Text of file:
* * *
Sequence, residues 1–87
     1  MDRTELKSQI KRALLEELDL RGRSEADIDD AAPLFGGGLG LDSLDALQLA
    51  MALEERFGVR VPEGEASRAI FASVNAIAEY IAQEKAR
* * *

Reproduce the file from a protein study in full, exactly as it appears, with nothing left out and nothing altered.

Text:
Sequence, residues 1–87
     1  MDRTELKSQI KRALLEELDL RGRSEADIDD AAPLFGGGLG LDSLDALQLA
    51  MALEERFGVR VPEGEASRAI FASVNAIAEY IAQEKAR